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INSIDE A&E Free movie showing;; at University Center — page 9 INSIDE FEATURES A Publication of the Student Newspaper Association Kirkpatriclc reflects on new job —page 8 J Volum«12, No. 3 February 13, 1990 I Campusllne Campus organizations are encouraged to submit their news for Campualine. Contact News Editor, Box 103, UTSA, San Antonio, Texas 78228 or caU 690-9801. March of DImos fundraiser planned The Twentieth Annual March of Dimes WaUcAmerica wiU be held at Pioneer Park Sunday, April 1 from 8:30 a.m. to 1 p.m. Registra¬ tion forms are available at SAS shoe stores, SU^n-Go stores, Fizza Hut restaurants, Kroger stores, SASA offices, RoquetbaU & Fitness Clubs, Jefferson SUte Bank and the March of Dimes office at 10112 Heubner. Influenza immunizations to be given The San Antonio Metrc^mUtan Health District wUI give influenza immunizations on Wednesday, Feb. 14 from 1 p.m. to 4 p.m., in the Student Health Onter (SB 1.03.02). Thncost for studenU, faculty and staff is S3. Health center offers AIDS information The Student Health Center provides atudents with a variety of bi¬ formation conceming AIDS. This includes pamphleU, videos, counseling, and testing center referrals. The videos may be viewed at the center or checked out for home or classroom use. The referrals service is designed to help students find a testing cenUr that suiU their individual needs. The referral Ust includes centers that offer free and anonymous AIDS teating. Tbe Student Health Onter is kicated in room SB 1.03.02. Bike-Aid '90 seeks cross-country riders Bike-Aid '90 seeks riders for its fifth annual cross-country bike ride. The ride starts in mid-June from Seattle, Portland, San Fran¬ sisco, and Los Angles, and in mid-July from Austin, Texas. AU five routes converge in Washington, D.C. in Ai^cust. Bike-Aid pedals to raise funds for grassrooU development projecU. Bike-Aid riders ui- Uract with community activists in homeless shelters, farmers cooperatives, and inUmational organizations along the paths. The deadline to apply is March 1 Interested persons may caU or write the Bike-Aid '90 office at 2940 16th Street Suite 110, San Fransisco, CaUfomia, 94103, (416) 431-4480. Book sale to t>enefit Boeme library The Friends-of-the-Boeme PubUc Library, will hold theu- annual book sale at the KendaU County Fairgrounds Friday, March 2 from noon to 5 p.m.; Saturday, March 3 from 9 a.m. to 5:30 p.m.; and Sun¬ day, March 4 from noon to 5:30 p,m. The cost is $3 for adults and tl for children. Donations of books and records are needed. Interested persons may caU 249-3053. Health center schedules programs The Student Health Center (SB 1.03.02) has schedules avaUable for iU dental cUnic, podiatry cUnic, aerobics program. Watch Weight Wisely program, and first aid training. Yearbook pictures to be taken Yearbook picturea wiU be taken in the University Center's Oak Room according to the foUowing schedule: Tuesday, Feb. 13 from 2:30 p.m. to 9 p.m.; Wednesday, Feb. 14 from 2:30 p.m. to 9 p.m.; Thursday, Feb. 15 from 9 a.m. to 6 p.m.; and Friday, Feb. 16 from 9 a.m. to 6 p.m. Review offered for engineering test A review course fm the Engineer-in-lioining Fundamentala Ex- ominatum acheduled for Afuil 21 is being offwedj^ the division of enginewfaig from AprU 2-19. The coet is tSO for UTSA students and $125 for non-UTSA studenU. The last date for registration is March 16. Cindy Tracy (691-4490) has regiatration infonnation and Yesh P. Singh (691-6527) has twilMlkwl information. Students, faculty say 'whoa' to rodeos by MeUssa Muse News Editor While about 100,000 people poured into the Joe and Harry Freeman CoUseum for the Forty- First Annual Stock Show and Rodeo, UTSA students and facul¬ ty were among a group gathered outside the gate to protest the event. As cars passed in rodeo traffic, protesters held signs and passed out leaflets that called rodeos cruel and inhumane because of the harm they cause animals. When asked specificaUy what was happening in the coUseum that was hurting animals, pro¬ testers consistently cited three examples: electric prods used to make animals move, buck straps cinched around animal's ab¬ domens, and calf roping that causes neck injuries to calves. They also consistently said they intended to remain peaceful during the rally, which began at noon Sunday, Feb. 11, and lasted several hours. "I want everybody to know there are a lot of things that go on that aren't so humane. And, they sort of close their eyes to it. They think it's a sport, but it's not real¬ ly because the animals are not participating because they want to," said Mark A. Fitzgerald, a UTSA humanities major. "The humans make it a sport. But, it's not a sport for the animals — it's just a lot of pain," he continued. Mark H. Bernstein, UTSA associate professor of philosophy, said he was at the rally "to pro- Anfanal rights advocates march outside the Joe and Harry Freeman CoUseum to protest the rodeo hdd there. test the abuses of animals that contribute to the success of this rodeo." He also vas protesting, he added, the basic idea "that animals are resources to be used for human enjoyment." Bernstein said he was hopeful that the protest would change some minds about rodeos. However, he said, "It's a tough audience, obviously. I mean, the people that are seeing these signs — most of them anyway — are go¬ ing into the rodeo." Mark Ingram, UTSA political science major, said the rodeo is "almost liiee a Uve torture. 1 mean, people are cheering it on." Ingram said, Uke other pro¬ testers, that while a few people reacted with comments, most people were reacting to them by just driving by, many not even looking. As he said this, a passenger in a vehicle rolled down a window and yelled "Go home," to the protesters. Reactions from passers-by ranged from waves of encourage¬ ment to "one-fingered waves," said Fitzgerald. see "Rodeo," page 2 Speaker performs 'Hot, Sexy and Safer' by MeUssa Muse News Editor Listeners wUl laugh and learn about safer sex at the same time, during Suzi Landolphi's comical performance, "Hot, Sexy and Safer, " on Thursday, Feb. 15 at 1 p.m., in the University Center Roost. "Safer sex means never having to fake anything," Landolphi said from New York City during a telephone interview on Friday, Feb. 2. "And I don't mean just women faking orgasms," she add¬ ed. Landolphi's definition of safer sex includes three components: communication, honesty, and trust. With these established, says Landolphi, people can practice "many ways to sexually satisfy a partner besides intercourse." These altematives, which wUl be described during the presenta¬ tion, are safer than intercourse, Landolphi explained. However, when intercourse is chosen, Landolphi stresses the necessity of condom use, to stop the spread of sexually transmit¬ ted diseases, including AIDS. The protective properties of condoms are comically demonstrated during Landolphi's performances. At other colleges on her tour, Landolphi has blown up condcms and stretehed them over volunteer's heads. Landolphi's performance has also packed auditoriums and gyms at colleges on her tour, since the academic year began. One college administrator from New Hampshire wrote Landolphi's agent saying, "In fif¬ teen years of experience at Keene State College, I have never witnessed such a turn-out (468 countable) nor have we ever got¬ ten such overwhelmingly positive responses." UTSA has hosted AIDS and safe-sex education speakers and programs in the past, but most were poorly attended, said Dr. Dora Hauser, dean of students. Why do Landolphi's lectures draw attention where others have failed? She says ther are two reasons. The first is her human quality, Landolphi said. "I'm a human be¬ ing, not a scientific expert," she explained. "Giving just the facts does not necessarily change behavior one iota. What appeals to us is not just information, it has to be emotional, interesting and spiritual." "What appeals to us is not just information, it has to be emotional, in¬ teresting and spiritual." —Suzi Landolphi ' safer-sex educator The second reason for Lan¬ dolphi's popularity is her humor. "If that's what it takes to get students to attend," Hauser said, then she appreciates Landolphi's performance, which is sponsored by the University Center Pro¬ gram CouncU. "It helps us," ex¬ plained Hauser, to educate about AIDS. Hauser looks forward to seeing Landolphi as long as the perfor¬ mance does not pose a scheduling conflict. Despite Landolphi's populari¬ ty, organizations have protested her appearance on their campus. A Campus Crusade for Christ chapter in Modesto, California at¬ tended her lecture there to protest it. But, Landolphi said, she asked that they Usten to her message and "at the end they didn't have one question or one complaint." The reason, remarked Lan¬ dolphi, is that "my end result is the same as theirs and they didn't reaUze it." "I'm looking forward," Lan¬ dolphi added, "to coming to San Antonio." Suzi Landolphi combines humor and safer-sex education in her speech, "Hot. Sexy and Safer."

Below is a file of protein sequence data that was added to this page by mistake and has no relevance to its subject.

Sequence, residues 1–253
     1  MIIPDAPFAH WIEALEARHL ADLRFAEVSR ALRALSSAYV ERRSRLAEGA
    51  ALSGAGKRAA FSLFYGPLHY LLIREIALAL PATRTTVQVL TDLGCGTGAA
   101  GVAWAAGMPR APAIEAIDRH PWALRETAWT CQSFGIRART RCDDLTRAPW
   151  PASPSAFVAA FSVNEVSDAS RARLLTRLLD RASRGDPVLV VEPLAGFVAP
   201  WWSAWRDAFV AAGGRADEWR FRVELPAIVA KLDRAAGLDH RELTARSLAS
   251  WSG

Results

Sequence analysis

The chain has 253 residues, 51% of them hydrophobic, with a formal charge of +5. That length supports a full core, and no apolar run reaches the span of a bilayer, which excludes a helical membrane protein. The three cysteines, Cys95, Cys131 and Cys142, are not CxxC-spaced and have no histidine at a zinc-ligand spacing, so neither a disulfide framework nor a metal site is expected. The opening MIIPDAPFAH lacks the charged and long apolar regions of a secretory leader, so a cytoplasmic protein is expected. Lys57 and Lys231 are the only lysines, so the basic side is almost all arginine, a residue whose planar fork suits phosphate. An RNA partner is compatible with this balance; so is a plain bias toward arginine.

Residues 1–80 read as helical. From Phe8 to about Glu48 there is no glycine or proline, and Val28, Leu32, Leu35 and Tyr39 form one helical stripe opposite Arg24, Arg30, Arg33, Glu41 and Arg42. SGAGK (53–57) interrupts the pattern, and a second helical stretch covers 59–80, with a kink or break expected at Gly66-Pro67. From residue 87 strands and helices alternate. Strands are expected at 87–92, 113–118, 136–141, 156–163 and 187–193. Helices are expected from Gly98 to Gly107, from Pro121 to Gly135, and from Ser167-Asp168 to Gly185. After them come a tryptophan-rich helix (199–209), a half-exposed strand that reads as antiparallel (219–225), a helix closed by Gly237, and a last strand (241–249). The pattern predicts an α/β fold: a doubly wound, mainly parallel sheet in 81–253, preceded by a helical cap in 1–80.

|Subject||University of Texas at San Antonio--Periodicals.|
|Description||A digital archive of The Paisano, a student operated newspaper at the University of Texas at San Antonio.|
|Publisher||The Paisano Educational Trust|
|Collection||UTSA Student Publications Collection|
|Coverage||United States; Texas; San Antonio;|
|Rights||The Paisano Educational Trust|
Publishing, Press, Printing